You could probably get some mileage with dynamic translation i.e. on the fly compilation of Saturn code into ARM. I doubt it does that already as it's damn hard to do such things.

You can already get calculators with native 132MHz ARM CPU, 64Mbytes of RAM, 128Mbytes of flash, Li-Ion Cell, 320x240 colour screen, programming capability and extensive CAS:

TI N-Spire family

I own the left and right hand devices in that picture. People love them so much I was given them and never use them other than to show people why they are horrible.

They are about as unusable as you could possibly make a device. They have so many abstractions over things (like structured documents) and have literally acres of UI before you can get to what you want that they are useless.

You can't for example, whack together a one liner program to calculate parallel resistances and then just apply it to the stack as you are calculating. You have to create a document, then create a program, then type the whole damn thing in via a menu system which is deeper than the ocean, then navigate back to your problem, then have to call it manually (no menu reference!). Ick. It's like using Windows 3.1 again.

Anyway anti-NSpire rant aside, if you put a 1GHz+ ARM with all that stuff in it, it would probably fly but it would also eat batteries in hours rather than weeks.

I think someone needs to build a new standard "RPN/RPL calculator virtual machine" which is kinder to mainstream CPUs than the Saturn architecture. If it's written in C, it could in theory be portable to native 50g hardware, HP 30b hardware and NSpire hardware (all ARM!) with the software environment above the VM abstraction being the same.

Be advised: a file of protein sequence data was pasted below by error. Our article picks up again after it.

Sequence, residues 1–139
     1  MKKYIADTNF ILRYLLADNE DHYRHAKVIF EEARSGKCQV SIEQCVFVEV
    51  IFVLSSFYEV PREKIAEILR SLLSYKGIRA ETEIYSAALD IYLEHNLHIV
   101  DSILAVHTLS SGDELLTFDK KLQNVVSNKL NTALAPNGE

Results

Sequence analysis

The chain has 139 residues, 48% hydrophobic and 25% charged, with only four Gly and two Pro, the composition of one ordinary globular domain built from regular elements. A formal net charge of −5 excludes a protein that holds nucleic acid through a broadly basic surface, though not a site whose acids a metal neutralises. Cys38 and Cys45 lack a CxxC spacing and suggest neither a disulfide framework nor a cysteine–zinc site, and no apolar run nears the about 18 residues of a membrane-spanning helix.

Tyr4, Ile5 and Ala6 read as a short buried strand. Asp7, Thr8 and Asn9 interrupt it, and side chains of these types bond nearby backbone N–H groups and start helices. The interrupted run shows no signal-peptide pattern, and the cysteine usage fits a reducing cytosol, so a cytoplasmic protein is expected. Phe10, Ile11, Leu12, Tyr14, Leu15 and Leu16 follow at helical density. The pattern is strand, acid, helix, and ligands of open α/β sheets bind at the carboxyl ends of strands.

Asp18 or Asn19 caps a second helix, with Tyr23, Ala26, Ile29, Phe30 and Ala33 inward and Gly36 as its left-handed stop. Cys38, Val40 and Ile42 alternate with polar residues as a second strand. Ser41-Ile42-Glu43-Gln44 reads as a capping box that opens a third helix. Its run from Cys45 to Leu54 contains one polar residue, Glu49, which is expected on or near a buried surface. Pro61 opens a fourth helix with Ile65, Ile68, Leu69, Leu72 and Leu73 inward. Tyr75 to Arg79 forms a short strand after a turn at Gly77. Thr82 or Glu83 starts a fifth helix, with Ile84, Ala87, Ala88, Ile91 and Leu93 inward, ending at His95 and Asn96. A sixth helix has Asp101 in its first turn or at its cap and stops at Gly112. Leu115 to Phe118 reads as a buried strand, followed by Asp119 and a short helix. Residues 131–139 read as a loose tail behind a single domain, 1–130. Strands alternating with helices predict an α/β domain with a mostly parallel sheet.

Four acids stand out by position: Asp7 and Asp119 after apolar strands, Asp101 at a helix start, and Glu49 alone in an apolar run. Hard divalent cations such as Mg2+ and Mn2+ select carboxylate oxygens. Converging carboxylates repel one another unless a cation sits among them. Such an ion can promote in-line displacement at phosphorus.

Anyone fancy biting that one off?

Anyway must go and do some work now :(


#13

The 30b target is severely limited by the lack of RAM and flash memory.


#14

How much of each does it have? ARM code is quite compact.


#15

The Atmel chip offers 128 KB flash, 2 KB battery protected RAM and 4 KB volatile RAM. Our WP 34S firmware is certainly very close to the maximum you can squeeze into the hardware of the 20b/30b.


#16

That's quite a bit in the scale of things. I've looked at the WP34s code and its definitely possible to build a virtual machine around it, even if its just a decNumber wrapper with IO ops. If its bytecode based as per JVM or direct threaded code (forth style) then it may be more compact than native c as a call is at least 4 bytes and you could compact 4 bytecode instructions or more in that space. Performance would be lower than native but not noticeable standard unless you are doing heavy processing.

Does the Atmel part support thumb instructions at all?


#17

Look at the Makefile! We're using thumb mode for all C code, together with the best space optimization we could get from GCC. A good deal of the visible functionality is build around (a specialized version of) user code: XROM. This is the most compact coding we could think of but it's noticeably slower than native C. For a device like this, performance is more then OK, though.


#18

Ouch. That leaves only dirty C tricks left and arm assembly. GCC knocks out pretty tight code as well with those optimisations.

#19

Quote:
I think someone needs to build a new standard "RPN/RPL calculator virtual machine" which is kinder to mainstream CPUs than the Saturn architecture.

Wouldn't the 34S firmware satisfy this? It is RPN. It runs on the 30b hardware. It is written in C.

With a 1GHz CPU and more RAM it would really fly.


- Pauli


#20

Very close at a low level. There needs to be an additional intermediate abstraction I.e VM. Perhaps more of an emphasis on RPL than RPN as well.